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Chief mate, longshoreman die after mooring line snaps in Longview

Aug 31, 2018 02:33 PM
Escort tugs assist Ansac Splendor in Antwerp, Belgium, in January 2016. The bulk carrier was shifting along a berth at the Port of Longview on June 28 when the “snap-back effect” from a parted spring line fatally injured two people.

Courtesy Alf van Beem/Wikimedia Commons

Escort tugs assist Ansac Splendor in Antwerp, Belgium, in January 2016. The bulk carrier was shifting along a berth at the Port of Longview on June 28 when the “snap-back effect” from a parted spring line fatally injured two people.

Two people died and two others were injured after a ship’s mooring line snapped at the Port of Longview in Washington state.

The accident occurred at about 0145 on June 28 as the Panama-flagged bulk carrier Ansac Splendor was taking on cargo. The ship was reportedly shifting along the berth to facilitate loading when a spring line parted.

One segment recoiled toward the dock, where it hit 34-year-old longshoreman Byron Jacobs, who died at the scene. Two others on the dock, a security guard and another longshoreman, survived their injuries.

The line also hit Ansac Splendor’s chief officer, Pingshan Li, 41, of China, who was aboard the ship at the time. Li suffered critical injuries and died at a Vancouver, Wash., hospital later that day.

Federal, state and local authorities are investigating the incident. The U.S. Coast Guard declined to comment during the inquiry.

“The goal of our investigation is to find out what happened so we can prevent similar tragedies at this port and the other ports along the Columbia River,” said Capt. Thomas Griffitts, commanding officer of Coast Guard Marine Safety Unit Portland.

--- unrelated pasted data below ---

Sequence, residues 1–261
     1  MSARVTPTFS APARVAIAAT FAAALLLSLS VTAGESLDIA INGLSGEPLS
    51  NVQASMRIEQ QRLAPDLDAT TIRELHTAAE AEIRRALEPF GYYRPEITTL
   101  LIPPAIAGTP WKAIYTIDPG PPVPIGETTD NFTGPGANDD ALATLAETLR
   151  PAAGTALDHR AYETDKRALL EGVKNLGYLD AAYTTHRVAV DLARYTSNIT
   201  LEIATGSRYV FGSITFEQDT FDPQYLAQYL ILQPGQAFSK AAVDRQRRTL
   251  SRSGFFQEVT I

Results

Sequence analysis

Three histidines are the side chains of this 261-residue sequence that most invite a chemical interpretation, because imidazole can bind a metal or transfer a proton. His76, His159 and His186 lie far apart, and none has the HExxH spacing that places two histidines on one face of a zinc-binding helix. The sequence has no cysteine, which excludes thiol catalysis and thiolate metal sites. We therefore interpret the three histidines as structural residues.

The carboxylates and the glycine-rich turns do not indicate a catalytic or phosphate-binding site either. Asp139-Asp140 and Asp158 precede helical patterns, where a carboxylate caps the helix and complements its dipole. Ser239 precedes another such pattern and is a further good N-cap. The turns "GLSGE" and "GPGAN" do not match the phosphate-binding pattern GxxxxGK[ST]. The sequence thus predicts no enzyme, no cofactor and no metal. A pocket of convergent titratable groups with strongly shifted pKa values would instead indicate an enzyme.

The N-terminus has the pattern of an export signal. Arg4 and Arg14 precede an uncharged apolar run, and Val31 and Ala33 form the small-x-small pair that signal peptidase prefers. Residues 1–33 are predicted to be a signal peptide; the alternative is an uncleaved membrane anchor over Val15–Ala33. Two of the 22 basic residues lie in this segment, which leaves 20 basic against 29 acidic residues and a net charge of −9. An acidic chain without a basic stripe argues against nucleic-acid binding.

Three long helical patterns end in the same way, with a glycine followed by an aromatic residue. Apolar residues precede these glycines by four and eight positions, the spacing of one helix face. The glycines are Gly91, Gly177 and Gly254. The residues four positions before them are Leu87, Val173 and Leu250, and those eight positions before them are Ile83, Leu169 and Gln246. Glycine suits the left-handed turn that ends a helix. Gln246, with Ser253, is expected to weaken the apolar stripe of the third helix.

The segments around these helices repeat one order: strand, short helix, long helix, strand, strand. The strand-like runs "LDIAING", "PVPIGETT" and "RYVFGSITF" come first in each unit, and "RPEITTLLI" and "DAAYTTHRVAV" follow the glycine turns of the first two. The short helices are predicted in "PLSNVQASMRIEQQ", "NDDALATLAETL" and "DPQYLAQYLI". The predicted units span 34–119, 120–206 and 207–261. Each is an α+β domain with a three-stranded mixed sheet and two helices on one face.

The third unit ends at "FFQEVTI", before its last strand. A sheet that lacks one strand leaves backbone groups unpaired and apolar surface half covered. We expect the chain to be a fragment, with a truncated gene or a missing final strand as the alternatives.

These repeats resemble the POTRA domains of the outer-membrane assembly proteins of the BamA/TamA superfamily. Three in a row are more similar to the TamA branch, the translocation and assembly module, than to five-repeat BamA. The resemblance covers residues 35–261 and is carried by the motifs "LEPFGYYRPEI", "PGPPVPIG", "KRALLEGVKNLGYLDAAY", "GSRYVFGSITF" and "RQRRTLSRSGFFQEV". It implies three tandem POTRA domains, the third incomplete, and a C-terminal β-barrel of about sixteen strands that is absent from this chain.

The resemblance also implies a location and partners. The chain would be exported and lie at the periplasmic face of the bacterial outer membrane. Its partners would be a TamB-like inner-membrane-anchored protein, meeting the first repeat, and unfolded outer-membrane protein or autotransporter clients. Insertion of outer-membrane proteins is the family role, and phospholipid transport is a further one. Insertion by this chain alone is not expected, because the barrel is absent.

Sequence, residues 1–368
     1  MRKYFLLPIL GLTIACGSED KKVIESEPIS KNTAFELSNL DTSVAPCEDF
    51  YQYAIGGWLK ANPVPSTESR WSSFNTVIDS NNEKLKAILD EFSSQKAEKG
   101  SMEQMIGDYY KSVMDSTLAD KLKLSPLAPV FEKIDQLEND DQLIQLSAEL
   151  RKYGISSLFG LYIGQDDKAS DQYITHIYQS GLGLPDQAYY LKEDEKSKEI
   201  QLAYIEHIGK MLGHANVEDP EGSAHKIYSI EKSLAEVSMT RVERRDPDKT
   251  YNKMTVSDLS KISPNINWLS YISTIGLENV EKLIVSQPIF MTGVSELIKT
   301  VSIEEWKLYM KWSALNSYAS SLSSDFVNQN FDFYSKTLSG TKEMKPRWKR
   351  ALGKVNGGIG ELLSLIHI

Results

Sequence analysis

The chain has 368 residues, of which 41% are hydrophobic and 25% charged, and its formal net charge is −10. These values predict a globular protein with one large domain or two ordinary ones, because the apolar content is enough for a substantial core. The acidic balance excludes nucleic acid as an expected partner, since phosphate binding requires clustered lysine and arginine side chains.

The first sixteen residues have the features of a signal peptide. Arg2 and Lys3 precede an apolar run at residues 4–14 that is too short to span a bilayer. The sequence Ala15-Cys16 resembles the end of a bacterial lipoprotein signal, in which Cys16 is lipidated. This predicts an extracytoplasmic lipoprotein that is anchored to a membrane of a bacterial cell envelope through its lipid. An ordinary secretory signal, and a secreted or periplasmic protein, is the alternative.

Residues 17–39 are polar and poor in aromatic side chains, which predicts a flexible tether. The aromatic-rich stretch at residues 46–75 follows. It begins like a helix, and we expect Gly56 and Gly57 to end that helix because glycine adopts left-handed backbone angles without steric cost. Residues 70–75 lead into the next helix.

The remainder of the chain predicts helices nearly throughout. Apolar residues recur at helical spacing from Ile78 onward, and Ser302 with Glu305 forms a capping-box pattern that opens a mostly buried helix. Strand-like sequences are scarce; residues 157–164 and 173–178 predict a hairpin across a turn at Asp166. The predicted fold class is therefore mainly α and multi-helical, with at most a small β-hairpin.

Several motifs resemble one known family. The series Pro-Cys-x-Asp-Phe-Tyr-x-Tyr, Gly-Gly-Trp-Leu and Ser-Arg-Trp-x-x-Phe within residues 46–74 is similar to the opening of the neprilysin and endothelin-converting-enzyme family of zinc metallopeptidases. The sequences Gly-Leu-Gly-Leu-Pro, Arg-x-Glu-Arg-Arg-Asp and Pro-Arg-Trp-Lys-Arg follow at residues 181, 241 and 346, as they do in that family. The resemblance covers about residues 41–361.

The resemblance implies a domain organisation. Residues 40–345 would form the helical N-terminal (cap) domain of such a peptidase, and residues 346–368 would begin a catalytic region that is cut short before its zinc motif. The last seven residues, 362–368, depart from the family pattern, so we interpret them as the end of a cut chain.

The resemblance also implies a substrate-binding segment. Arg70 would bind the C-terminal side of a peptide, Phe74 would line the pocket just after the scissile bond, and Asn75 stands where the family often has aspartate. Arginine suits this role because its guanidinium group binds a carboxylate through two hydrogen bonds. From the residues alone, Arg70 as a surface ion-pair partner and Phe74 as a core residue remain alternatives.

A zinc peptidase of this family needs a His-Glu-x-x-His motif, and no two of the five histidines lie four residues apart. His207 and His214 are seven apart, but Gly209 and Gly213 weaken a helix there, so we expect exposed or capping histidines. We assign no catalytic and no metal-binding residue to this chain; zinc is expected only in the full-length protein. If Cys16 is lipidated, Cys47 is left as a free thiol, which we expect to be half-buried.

The 581-foot Ansac Splendor arrived in Longview at 0558 on June 27 after offloading cement downriver at the Port of Portland. The vessel docked at Berth 5 and was loading petroleum coke when the spring line parted.

There was not a pilot on board at the time, and no tugboats were assisting during the shifting maneuver. The ship remained in port until July 3 when it left at about 1630.

“Defendants were repositioning and re-securing the vessel. Plaintiff’s decedent, a longshoreman, was attending the vessel at the berth,” states a lawsuit filed July 2 on behalf of Jacobs’ widow in U.S. District Court in Washington’s Western District.

“The spring line suddenly broke under tension and struck plaintiff’s decedent and others at 700 feet per second, killing plaintiff’s decedent and a crewman, and injured others,” the suit continues, adding that Jacobs suffered “great pain.”

The suit, which seeks $16 million in damages, names shipowner SE Harmony Corp. of Taipei, Taiwan, and ship manager Bright Charter Shipping Ltd. as defendants. Neither company could be reached for comment.

Incidents involving severed mooring lines can be extremely dangerous due to the “snap-back effect.” This refers to the rapid release of tension stored in the ropes when they suddenly break, according to a 2015 report issued by the London-based Oil Companies International Marine Forum (OCIMF).

“The two ends of the line recoil or snap back toward or past their secured ends. When a synthetic mooring line breaks, the snap-back effect can be extremely powerful and the rope ends may reach a high velocity as they recoil,” the report stated. “Anyone standing within the snap-back zone at either end of the line risks serious injury or death.”

Jacobs was a fifth-generation longshoreman and longtime member of International Longshore and Warehouse Union (ILWU) Local 21. The Longview, Wash., resident is survived by his wife and three children.​

ILWU Local 21 President Jake Ford said the incident marked a tragic day on the waterfront. “Byron was an active member of the union, loved his work and will be incredibly missed,” Ford said.

Authorities closed the Port of Longview after the accident. Ansac Splendor remained in Longview for nearly a week afterward before departing for Australia.

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